Neoconservatives and other globalist elites have often hyped the need for American intervention in the Middle East or elsewhere by claiming we faced grave and imminent threats to our national security. The Pentagon just released a map illustrating real threats to our security that should worry every American.  It shows that Russian and Chinese naval forces have dramatically increased their activity along our own East Coast.  As mentioned in the attached article, the scope and scale of Russian submarine activity led one senior officer to say:

“Our new reality is that when our sailors toss the lines over and set sail, they can expect to be operating in contested space once they leave Norfolk.  Our ships can no longer expect to operate in a safe haven on the East coast or merely cross the Atlantic unhindered to operate in another location.”

Vice Admiral Andrew Lewis, Commander U.S Navy 2nd Fleet, February 4, 2020

Much of this activity occurs along or near undersea cables that carry internet and other communication traffic between the U.S., Europe and South America.  Russia clearly knows the critical value of these links as illustrated by their own recent experiment in isolating their own domestic internet from the rest of the world as a way of hardening it from attack. 

Meanwhile, the Chinese navy has also become active not only in east Asian waters, but also in the Arctic and off South America.  In particular, a tiny red dot on the map off of Florida represents China’s recent construction of a port in the Bahamas and reflects their increasing presence in that island nation.  China has used similar investments to create “debt-traps” that force nations to convey long term leases or other rights to China easily convertible to military use.  Sen. Marco Rubio of Florida has highlighted the existence of a Chinese listening station in Cuba.  China also recruited several Caribbean nations to join their Belt and Road Initiative even though they are far removed from the stated focus of the program on the Eurasian heartland.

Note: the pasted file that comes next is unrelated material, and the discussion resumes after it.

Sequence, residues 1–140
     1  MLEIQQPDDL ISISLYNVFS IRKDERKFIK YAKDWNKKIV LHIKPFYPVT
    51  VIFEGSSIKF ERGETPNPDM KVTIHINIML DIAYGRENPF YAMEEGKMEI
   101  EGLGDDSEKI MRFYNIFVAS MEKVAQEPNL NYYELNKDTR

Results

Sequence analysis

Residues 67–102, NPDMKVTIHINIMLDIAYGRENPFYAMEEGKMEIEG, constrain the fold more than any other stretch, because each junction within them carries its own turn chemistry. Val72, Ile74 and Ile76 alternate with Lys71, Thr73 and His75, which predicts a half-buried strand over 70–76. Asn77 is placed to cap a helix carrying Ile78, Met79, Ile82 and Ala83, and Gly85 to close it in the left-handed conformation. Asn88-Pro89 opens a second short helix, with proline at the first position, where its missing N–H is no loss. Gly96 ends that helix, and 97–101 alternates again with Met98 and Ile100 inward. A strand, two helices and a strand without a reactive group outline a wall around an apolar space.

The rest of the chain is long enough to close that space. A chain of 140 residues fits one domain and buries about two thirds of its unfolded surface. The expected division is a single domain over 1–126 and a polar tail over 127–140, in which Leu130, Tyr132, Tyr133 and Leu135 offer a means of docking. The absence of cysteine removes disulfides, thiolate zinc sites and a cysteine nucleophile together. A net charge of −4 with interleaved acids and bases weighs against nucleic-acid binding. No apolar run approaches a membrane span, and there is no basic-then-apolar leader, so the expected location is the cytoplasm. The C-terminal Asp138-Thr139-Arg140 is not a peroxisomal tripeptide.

TR knew the strategic importance of preserving our influence in the Western Hemisphere as well as the tactical value of a navy in projecting power across the world.  Instead of wasting money and resources in the Middle East, we should be paying attention to the increasing competition for power and influence here in our own back yard.  If we lose that competition, our national security and the American homeland itself will be threatened as never before.